BOCCONI DI STORIA: Witold Pilecki, Detenuto 4859

🇮🇹 Per la versione italiana clicca qui.

Today we want to tell the story of Witold Pilecki, a Polish spy who voluntarily chose to be interned in Auschwitz.

“I have said goodbye to everything I have known so far on this Earth and I have entered something that is no longer part of it”. These are the words Witold used to describe his feelings as he entered the gate of the concentration camp.

The Polish army captain wanted to find out what was going on inside the camp, as there were many disturbing rumours about Auschwitz. Aware of the risks, Witold volunteered. The morning of 19th September 1940, he was arrested in a German round-up with two thousand other Polish citizens. Led inside with hundreds of others, Pilecki was shaved, “washed” with ice-cold water and hit with a metal bar that caused him to lose two teeth. Finally, he was deprived of his identity: from then on, he would be Inmate 4859.

Over the next three years, Witold would be involved in one of the most dangerous espionage operations of the war. He was fortunate enough to be assigned outside the camp as the gas chambers began to be used more intensively in 1942. In his notes, he estimated that more than a thousand Jews were killed every day.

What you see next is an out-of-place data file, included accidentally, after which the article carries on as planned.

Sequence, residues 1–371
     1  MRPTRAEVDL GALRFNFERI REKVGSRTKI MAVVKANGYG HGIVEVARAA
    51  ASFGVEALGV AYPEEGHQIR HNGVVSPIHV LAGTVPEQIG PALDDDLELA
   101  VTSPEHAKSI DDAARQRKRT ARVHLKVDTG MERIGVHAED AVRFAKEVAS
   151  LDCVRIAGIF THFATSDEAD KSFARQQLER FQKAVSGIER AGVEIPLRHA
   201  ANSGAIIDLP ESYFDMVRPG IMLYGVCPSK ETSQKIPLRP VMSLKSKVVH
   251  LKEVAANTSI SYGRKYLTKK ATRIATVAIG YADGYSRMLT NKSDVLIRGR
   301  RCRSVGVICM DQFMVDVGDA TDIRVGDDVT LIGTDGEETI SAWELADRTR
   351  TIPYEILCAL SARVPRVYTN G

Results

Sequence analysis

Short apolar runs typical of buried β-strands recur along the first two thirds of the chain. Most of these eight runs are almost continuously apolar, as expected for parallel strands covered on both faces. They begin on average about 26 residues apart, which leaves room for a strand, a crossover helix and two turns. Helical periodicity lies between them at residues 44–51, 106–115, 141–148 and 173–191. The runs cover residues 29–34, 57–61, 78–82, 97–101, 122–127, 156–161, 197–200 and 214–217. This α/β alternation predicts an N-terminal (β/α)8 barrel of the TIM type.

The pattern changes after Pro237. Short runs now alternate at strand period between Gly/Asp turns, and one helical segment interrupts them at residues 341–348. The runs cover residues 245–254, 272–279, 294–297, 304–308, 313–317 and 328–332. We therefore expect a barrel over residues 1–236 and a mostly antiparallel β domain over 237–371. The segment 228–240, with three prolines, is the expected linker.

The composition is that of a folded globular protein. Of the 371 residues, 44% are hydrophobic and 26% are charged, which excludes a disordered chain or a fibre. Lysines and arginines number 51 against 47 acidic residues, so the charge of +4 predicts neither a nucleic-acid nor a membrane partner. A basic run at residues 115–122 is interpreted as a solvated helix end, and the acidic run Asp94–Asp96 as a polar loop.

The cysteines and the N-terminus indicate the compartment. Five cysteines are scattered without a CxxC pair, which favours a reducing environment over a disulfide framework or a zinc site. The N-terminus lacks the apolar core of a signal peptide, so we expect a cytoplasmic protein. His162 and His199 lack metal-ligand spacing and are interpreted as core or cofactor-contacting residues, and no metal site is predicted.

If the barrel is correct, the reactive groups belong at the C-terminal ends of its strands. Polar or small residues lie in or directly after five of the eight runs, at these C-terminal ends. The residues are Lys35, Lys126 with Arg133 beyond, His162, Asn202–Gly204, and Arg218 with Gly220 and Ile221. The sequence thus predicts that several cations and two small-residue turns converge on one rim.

Pilecki succeeded in organising a support network of about five hundred members inside Auschwitz. They helped each other with rations, work tasks and taking messages outside to make people aware of the terrible reality of the camp. He aimed to organise an uprising in the camp when Polish resistance would attack. Nothing of the kind happened, as no one ever believed the horrors described by Captain Witold in his reports, which were considered exaggerated.

In April 1943, after 947 days of captivity, he managed to escape from the camp through an unguarded kitchen door. He returned to Warsaw and discovered that the officer responsible for his mission had been arrested. The new commanders did not want to carry out a rescue operation for his comrades who had remained behind. Pilecki decided to continue to fight for his country. In 1944, during the Warsaw Uprising, he was again arrested and sent to a concentration camp, then freed by US troops in April 1945. At the end of the war, he joined the Polish Corps: soldiers who did not accept Soviet domination.

While he was in Italy, waiting for a new assignment, he wrote the final account of his mission to Auschwitz. He returned to Warsaw with the task of finding evidence of the fraud in the 1946 referendum but the Soviet secret police arrested him in 1947. Tortured and sentenced to death after a sham trial, Witold Pilecki died in a Warsaw cell on 25th May 1948, shot in the back of the head.

Only in 1990, after the fall of the Berlin Wall, did his name receive posthumous justice that cleared him of all charges.

Inmate in hell or a hero imprisoned?
Soldier in Auschwitz, who knows his name?
Locked in a cell, waging war from the prison
Hiding in Auschwitz, who hides behind 4859?


Sent to a prison, where the heroes are judged as traitors
Accused of treason by his own
Sentenced by countrymen under pressure of foreign influence
Men he once fought to free

Inmate 4859, Sabaton


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